Here are some pictures of Froot Loops cereal!

Ingredients and Nutritional Information

This information is for the “normal” version of Froot Loops cereal.

Froot Loops Ingredients:

  • Corn Flour Blend
  • Whole Grain Yellow Corn Flour
  • Degerminated Yellow Corn Flour
  • Sugar
  • Wheat Flour
  • Whole Grain Oat Flour
  • Modified Food Starch
  • Contains 2% or less of Hydrogenated Vegetable Oil (Coconut, Soybean And/Or Cottonseed) Oat Fiber, Salt, Soluble Corn Fiber ,Natural Flavor, Red 40, Turmeric Extract Color, Blue 1, Yellow 6, Annatto Extract Color, BHT for freshness.

Vitamins and Minerals: Vitamin C (Sodium Ascorbate And Ascorbic Acid), Niacinamide, Reduced Iron, Zinc Oxide, Vitamin B6, (Pyridoxine Hydrochloride), Vitamin B2 (Riboflavin), Vitamin B1 (Thiamin Hydrochloride), Vitamin A Palmitate, Folic Acid, Vitamin B12, Vitamin D3.

Contains: Wheat Ingredients, Corn used in this product may contain traces of Soybeans.


Serving Size:1 Box (27g)% Daily Value *
Calories per serving100
Calories from Fat10
Total Fat1g2%
Saturated Fat0g0%
Trans Fat0g
Cholesterol0mg 0%
Total Carbohydrates24g8%
Dietary Fiber3g12%
Vitamin A8%
Vitamin D8%
Vitamin B620%
Vitamin B1220%
Vitamin C20%
Folic Acid20%
Zinc 8%
  • Daily Percent Value is based on a 2,000 calorie diet.

(Information taken from a single-serving small box of Froot Loops cereal in 2019)


The popularity of Froot Loops is hard to deny, with the cereal being almost iconic. Froot Loops is one of the most heavily marketed cereals in the world, and the brand has a huge fan following. What Makes Foot Loops so popular can be attributed to many reasons. The snack is pleasing to the eye, with Froot Loops containing multiple bright and tasty-looking colors to delight yourself with as soon as you pour yourself a bowl. However, people seem to like the taste as well, with the fruit flavor giving the cereal a temping lull. The advertising of the Froot Loops brand has been very popular as well, helping to draw attention to the cereal. The mascot is a bluebird of a jolly if not paranoid attitude and is fun to watch. The brand has done a good job marketing and making a cereal people like, and thus the popularity of Froot Loops seems to be on a course to continue as it has done in the past.

Froot Loops has come under legal fire on several occasions since its inception. One consistent complaint regarding Froot Loops is the accusation that it gives an impression of containing real fruit or otherwise being healthy. It was reported by Overlawyered that in 1959 a case called Renee Paxton vs. Kellogg’s existed where Paxton asserted that the cereal gave off the false impression of containing fruit when it did not. It was reported that the case was settled out of court and that the cereal’s name was changed from Fruit Loops to Froot Loops.

Another legal case involving the name of the product is McKinnis v. Kellogg. In this case, it was claimed the word “Froot” gave off the impression the product had fruit in it. In 2007 a federal judge ruled in McKinnis v. Kellogg USA that the use of the word “Froot” in connection with loops does not suggest the presence of real “fruit,” mostly because “froot” is not real, and “fruit,” which is real, does not come in the form of “loops.”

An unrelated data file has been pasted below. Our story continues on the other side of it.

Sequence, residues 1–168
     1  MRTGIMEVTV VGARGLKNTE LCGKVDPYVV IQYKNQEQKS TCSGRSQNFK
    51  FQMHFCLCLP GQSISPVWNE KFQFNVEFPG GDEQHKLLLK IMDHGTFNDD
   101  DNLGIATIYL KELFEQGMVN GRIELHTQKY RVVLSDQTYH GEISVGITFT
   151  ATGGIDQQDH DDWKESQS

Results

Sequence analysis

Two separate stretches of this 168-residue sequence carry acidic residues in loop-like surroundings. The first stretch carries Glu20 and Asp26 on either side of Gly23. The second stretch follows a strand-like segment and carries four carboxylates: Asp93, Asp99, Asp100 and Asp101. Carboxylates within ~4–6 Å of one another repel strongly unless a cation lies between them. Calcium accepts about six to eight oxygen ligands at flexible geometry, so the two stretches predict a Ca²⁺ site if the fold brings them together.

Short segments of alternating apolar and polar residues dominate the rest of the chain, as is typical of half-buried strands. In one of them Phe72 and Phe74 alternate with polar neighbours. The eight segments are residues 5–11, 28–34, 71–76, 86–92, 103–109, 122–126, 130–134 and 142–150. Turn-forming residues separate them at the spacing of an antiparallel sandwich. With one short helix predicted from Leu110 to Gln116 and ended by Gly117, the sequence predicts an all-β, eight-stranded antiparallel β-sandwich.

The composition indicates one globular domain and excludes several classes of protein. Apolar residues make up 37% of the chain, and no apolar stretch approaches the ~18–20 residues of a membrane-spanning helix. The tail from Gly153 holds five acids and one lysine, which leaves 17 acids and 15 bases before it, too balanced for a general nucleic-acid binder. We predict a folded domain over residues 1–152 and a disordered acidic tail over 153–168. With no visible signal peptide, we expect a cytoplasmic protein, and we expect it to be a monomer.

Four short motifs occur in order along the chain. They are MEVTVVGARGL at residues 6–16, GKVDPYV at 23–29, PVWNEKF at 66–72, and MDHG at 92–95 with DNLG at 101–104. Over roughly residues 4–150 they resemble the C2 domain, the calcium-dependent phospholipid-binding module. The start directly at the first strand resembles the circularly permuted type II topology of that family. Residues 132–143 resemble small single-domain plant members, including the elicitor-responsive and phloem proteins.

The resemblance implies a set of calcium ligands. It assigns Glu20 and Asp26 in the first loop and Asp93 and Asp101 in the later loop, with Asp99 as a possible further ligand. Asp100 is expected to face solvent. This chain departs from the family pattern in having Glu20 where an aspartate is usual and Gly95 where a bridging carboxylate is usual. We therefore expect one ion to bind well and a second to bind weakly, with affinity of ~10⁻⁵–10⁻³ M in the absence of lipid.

Another case involving the perception of Froot Loops containing real fruit was the case Videtto v. Kellogg. However, Kellogg won this case with the judge ruling on the grounds that a reasonable consumer would not be confused by the allegedly frooty loops because the ring-shaped cereal “does not resemble any known fruit.”

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3 thoughts on “Froot Loops Cereal (History, FAQ & Commercials)”

  1. Hello my name is Olivia and my grandson loves fruit loops cereal only thing is every morning I have to sit and pick out colors because he Allergic to blue green and purple dyes so I have to pick all those colors out so he can have the red and orange and yellow is there a box of cereal that sells just that those colors please let me know I’m willing to pay for them

  2. Had them for breakfast when they first came out. As kid’s, we enjoyed the colors, and the different flavors. May have been the first pre-sweetened cereal I had. It was really good and different. Thanks!

  3. The Froot Loops color pallet of the solid colored loops and the standard loop fragrance are both based on the flowers Freesias, because they were formulated by a man whose wife’s favorite flowers were Friesias. Freesias and standard Froot Loops (not to be confused with the limited special offered Froot Loop varieties) smell the same. I learned this on the Food Network show called Unwrapped and the host was named Marc Summers.
    Sorry, I don’t know the season or episode numbers. I have never forgotten this trivia because Freesias are also my favorite flowers.
    Peace, Love & Joy ~ Lisa @LisaSelbe